UK manufacturers are looking forward to a strengthening euro in the coming year, with its attendant potential to relieve the current exchange rate pressures on exports.
The successful switch to notes and coins in the eurozone last week prompted an instant two per cent rise in the value of the new currency against the pound to 62.8p.
The weakness of the euro, combined with the strength of the pound, made selling to the eurozone difficult for UK manufacturers throughout last year.
Uncertainty over practical aspects concerning the launch of the euro is thought to have kept its value down in the run-up to Christmas, at one point dipping below 61p.
But following the launch – and with the prospect of a UKgovernment recommendation to join the single currency – some experts now predict a more favourable exchange rate by the end of the year. The euro is currently hovering around the 62p mark, but for UK exporters that needs to rise by 10-15 per cent to ease competitive pressures.
Graham James, export director for Preston-based coatings manufacturer Liquid Plastics, said the currency will appreciate at some point: ‘It’s my view that the euro should be stronger than it is. Now it’s a reality we may finally see that strengthening. It has been a mystery to us as to why the euro has been so weak.’
City analysts and economists agree that the single currency can’t remain weak for ever, predicting that the UK government’s declared intentions, greater market confidence in the single currency and underlying economic fundamentals will all contribute to a weakening of the pound.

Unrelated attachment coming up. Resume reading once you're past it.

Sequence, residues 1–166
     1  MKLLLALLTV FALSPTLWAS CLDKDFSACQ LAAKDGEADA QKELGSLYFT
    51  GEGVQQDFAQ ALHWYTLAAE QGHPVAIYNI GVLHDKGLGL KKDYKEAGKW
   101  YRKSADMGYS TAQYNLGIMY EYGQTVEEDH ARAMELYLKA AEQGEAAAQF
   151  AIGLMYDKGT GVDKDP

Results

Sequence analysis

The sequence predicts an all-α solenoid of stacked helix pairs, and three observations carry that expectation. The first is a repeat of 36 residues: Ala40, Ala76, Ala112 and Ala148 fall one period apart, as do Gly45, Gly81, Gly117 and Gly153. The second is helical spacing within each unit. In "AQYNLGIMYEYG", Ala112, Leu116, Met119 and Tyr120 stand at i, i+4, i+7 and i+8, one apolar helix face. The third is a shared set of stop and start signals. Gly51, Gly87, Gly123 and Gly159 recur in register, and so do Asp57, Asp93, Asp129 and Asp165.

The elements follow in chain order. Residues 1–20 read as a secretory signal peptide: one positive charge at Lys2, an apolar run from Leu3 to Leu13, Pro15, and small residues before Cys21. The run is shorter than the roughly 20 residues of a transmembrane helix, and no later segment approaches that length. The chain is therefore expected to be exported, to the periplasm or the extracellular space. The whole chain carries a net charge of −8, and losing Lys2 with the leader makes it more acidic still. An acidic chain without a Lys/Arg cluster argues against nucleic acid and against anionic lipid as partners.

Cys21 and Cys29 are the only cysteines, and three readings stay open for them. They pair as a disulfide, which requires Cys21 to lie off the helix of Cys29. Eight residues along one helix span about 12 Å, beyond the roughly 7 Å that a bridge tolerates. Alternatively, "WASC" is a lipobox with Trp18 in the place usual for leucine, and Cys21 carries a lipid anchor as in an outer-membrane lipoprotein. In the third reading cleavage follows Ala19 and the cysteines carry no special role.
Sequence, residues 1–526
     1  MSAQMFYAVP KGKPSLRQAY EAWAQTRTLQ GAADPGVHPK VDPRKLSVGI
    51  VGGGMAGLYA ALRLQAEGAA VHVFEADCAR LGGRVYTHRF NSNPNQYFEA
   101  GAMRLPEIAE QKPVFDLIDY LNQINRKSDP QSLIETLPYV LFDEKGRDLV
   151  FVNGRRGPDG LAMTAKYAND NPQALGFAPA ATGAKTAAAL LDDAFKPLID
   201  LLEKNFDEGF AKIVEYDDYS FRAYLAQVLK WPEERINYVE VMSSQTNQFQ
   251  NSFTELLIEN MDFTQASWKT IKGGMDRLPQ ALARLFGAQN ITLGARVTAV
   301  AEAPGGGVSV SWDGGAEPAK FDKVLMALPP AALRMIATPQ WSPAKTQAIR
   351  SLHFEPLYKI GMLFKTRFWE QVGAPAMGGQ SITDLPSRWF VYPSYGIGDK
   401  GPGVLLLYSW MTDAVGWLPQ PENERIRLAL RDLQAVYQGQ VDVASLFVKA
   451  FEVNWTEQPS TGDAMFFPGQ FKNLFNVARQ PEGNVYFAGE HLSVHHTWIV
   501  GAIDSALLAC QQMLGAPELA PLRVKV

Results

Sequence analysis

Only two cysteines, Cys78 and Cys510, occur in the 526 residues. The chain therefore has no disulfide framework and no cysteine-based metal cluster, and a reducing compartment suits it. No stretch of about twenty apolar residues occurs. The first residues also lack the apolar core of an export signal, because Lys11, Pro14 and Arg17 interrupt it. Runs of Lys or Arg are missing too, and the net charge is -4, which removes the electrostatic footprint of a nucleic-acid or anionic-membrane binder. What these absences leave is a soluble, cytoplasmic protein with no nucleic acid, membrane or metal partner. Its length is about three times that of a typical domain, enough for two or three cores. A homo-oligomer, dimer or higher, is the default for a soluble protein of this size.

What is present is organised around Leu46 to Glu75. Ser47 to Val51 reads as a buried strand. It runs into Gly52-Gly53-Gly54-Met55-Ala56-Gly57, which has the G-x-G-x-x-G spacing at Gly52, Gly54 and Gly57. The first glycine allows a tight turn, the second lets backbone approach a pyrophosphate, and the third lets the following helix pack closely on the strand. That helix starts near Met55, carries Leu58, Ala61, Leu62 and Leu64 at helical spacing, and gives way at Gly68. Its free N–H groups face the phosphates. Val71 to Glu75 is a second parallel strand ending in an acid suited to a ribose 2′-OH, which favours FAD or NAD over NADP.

Michael Lewis, director of foreign exchange research at Deutsche Bank, said the UK government in particular holds the key to a euro revival. ‘If they wanted the pound to come down, the announcement of a referendum would do it for them. Otherwise we expect a euro to be worth 65p, maybe 66p, by the end of the year.’
However, said Lewis, a vital part of the solution to the exchange rate problem for UK exporters would be the recovery of the euro against the dollar. (The euro reached a high of $0.9 on its first day before slipping back.)
The euro must make gains against the dollar because the pound trades as a dollar bloc currency, not a European one, said Lewis. ‘That is the key. And a weaker recovery in the US compared to the eurozone will help.’
European financial market adviser Graham Bishop is also convinced the euro must rise this year against the pound. He said the market’s belief that theUK government wants to join will lower the pound against the euro.
‘I wouldn’t dispute predictions of a 70p euro by the end of the year but I think that the rate at which the UK would actually join up would have to be closer to 75p. That is why we are predicting a referendum on 1 May 2003. Of course, for that to happen it must be pretty clear that public opinion in the UK has shifted in favour of joining the euro.’